Love your locs? Then stop these hair-breaking habits

Photo by LaSundra Davis/@respect.theshooter

Bad hair practices that pull out edges, roots and strands

Wait! Before you slay that sculpted loc hairstyle snatching those edges back too far, consider the excruciating headache about to ensue. Then think about the long-term repercussions. What loc backlash, you ask? Thinning, breaking and balding. Yeah. That bad. The average loc wearer is guilty of the following crown charges, and, boy, do they cost locs in the long run:

Yanking locs into tension-intensifying updos

Sporting super-tight braided ’dos, pigtails and ponytails stresses tresses until they eventually give out. That’s right. They break off. The overworked low-to-high updos you attempt can lead to what’s known as traction alopecia, hair loss from pulling. Over time, the hair follicles weaken from excessive tension, and as a result, hair growth halts.  THE SIMPLE SOLUTION: Let your locs go with gravity. Wear them down as much as possible, and slack up updos by trying more loosey-goosey buns and curly hairstyles.

Clogging pores with product, chemicals

A good way to weaken loc edges and strands is overdoing it in the product department. “Clogging your pores with everything out there right now in loc and natural hair products only seals in dirt,” said professional U.S.-based loc stylist Selena Miller, who is owner of  Loc Art Studio in Atlanta and also known as “The Loc Whisperer.” “The more build up, the unhealthier both the scalp and hair get.” Another way to create brittle, vulnerable locs: Exposing them to chlorinated water often and without treating locs immediately before or afterward. THE SIMPLE SOLUTON: Cut down on applying greases and moisturizers frequently (like every day), and prep locs with the appropriate chlorine-fighting conditioners and shampoos prior and post entering the water.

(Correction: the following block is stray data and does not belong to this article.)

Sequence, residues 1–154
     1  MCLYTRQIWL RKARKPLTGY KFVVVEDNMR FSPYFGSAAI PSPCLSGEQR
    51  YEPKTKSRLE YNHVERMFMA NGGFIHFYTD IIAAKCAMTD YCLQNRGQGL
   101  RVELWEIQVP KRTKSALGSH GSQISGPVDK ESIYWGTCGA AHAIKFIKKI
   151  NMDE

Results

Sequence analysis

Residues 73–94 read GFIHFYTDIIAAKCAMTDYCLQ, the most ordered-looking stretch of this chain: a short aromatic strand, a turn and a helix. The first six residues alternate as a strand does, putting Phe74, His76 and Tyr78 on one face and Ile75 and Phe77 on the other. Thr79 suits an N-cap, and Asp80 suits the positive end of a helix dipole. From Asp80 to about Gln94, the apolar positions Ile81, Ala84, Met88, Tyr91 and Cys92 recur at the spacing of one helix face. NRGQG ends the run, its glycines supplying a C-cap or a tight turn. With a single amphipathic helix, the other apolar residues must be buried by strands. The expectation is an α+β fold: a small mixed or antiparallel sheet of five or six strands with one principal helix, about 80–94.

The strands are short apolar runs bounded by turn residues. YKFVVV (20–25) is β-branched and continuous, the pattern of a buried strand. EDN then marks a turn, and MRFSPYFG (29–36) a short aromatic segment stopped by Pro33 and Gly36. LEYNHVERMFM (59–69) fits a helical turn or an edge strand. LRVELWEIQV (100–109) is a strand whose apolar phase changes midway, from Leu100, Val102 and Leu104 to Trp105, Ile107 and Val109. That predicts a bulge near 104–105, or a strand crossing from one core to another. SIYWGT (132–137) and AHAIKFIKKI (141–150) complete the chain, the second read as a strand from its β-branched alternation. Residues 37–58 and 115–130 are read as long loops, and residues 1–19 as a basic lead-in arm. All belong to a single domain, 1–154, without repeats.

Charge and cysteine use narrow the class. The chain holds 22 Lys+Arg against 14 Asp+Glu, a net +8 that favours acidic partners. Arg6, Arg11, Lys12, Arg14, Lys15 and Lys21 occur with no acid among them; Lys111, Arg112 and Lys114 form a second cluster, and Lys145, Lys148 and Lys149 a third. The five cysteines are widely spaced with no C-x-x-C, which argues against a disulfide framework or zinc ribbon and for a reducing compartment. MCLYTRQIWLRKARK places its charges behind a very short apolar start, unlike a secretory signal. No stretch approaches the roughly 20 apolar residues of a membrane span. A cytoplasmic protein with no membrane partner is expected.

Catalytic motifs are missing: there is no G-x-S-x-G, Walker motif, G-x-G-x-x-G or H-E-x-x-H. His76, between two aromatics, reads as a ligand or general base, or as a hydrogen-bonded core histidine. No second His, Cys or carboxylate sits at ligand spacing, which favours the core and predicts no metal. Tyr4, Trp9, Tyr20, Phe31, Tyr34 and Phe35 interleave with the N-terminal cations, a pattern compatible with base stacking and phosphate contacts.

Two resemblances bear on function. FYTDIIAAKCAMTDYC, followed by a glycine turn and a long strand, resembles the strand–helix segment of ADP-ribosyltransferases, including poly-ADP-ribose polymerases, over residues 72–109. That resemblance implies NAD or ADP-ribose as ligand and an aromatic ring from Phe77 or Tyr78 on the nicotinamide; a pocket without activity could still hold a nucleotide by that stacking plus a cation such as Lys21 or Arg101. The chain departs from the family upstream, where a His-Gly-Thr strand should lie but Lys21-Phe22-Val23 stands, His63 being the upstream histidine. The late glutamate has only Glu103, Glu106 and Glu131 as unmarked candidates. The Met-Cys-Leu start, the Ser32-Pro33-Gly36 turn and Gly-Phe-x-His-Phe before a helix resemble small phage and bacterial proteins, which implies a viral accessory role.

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Breaking the hairline with accessories

Hats, wraps and headbands may temporarily protect and/or embellish loc styles but they’re not worth the wear if the hairline becomes irritated and breakable. “You want to eliminate friction and movement to the hairline,” Miller said. “If you don’t, expect thinning and balding in the areas along the hairline where these accessories are placed the most.” THE SIMPLE SOLUTION: Stop putting headpieces in the same spot routinely. Move them around. To preserve loc hairstyles at night, Miller recommends a thick pair of pantyhose to cover tresses and smoothly tie down edges without creating unnecessary friction or tension.

Relocking roots every chance you get

Feel the need to keep your locs on camera-ready point 24/7? Well, regularly relocking them only makes them thinner. Root fuzz is a good thing, so allowing new growth to take over your crown for a few weeks means a stronger base to hold loc strands. THE SIMPLE SOLUTION: Instead of relocking hair every two weeks or sooner, Miller advises leaving locs alone up to four to six weeks. “Hair growth is a natural process,” she said. “So, let your new growth do its thing so your roots and foundation has enough time to repair and rebuild to support each loc.”

If you liked these loc tips and tricks, check out more Black Beauty & Hair creative content from Cowgirl Candace by clicking here.

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